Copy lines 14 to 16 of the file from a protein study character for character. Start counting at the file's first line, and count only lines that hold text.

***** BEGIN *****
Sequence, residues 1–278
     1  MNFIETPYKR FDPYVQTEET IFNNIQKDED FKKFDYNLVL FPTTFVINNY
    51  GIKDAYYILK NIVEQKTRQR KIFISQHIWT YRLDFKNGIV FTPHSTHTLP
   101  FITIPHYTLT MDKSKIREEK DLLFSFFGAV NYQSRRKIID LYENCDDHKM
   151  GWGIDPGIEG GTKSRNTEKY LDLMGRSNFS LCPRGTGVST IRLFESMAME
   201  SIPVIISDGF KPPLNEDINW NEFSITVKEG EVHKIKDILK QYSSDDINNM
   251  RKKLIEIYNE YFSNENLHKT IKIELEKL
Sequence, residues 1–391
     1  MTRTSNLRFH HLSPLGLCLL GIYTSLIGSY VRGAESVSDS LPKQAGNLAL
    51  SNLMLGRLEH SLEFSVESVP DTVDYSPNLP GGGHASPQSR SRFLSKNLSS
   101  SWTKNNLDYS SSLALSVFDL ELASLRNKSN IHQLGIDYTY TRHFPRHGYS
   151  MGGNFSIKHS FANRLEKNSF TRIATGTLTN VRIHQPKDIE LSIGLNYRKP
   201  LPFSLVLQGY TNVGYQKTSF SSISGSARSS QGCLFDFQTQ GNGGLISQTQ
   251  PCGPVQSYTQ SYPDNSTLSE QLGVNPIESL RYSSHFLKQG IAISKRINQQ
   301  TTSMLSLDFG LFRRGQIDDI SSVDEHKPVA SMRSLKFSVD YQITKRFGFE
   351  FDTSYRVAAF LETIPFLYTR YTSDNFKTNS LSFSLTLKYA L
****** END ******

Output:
   251  PCGPVQSYTQ SYPDNSTLSE QLGVNPIESL RYSSHFLKQG IAISKRINQQ
   301  TTSMLSLDFG LFRRGQIDDI SSVDEHKPVA SMRSLKFSVD YQITKRFGFE
   351  FDTSYRVAAF LETIPFLYTR YTSDNFKTNS LSFSLTLKYA L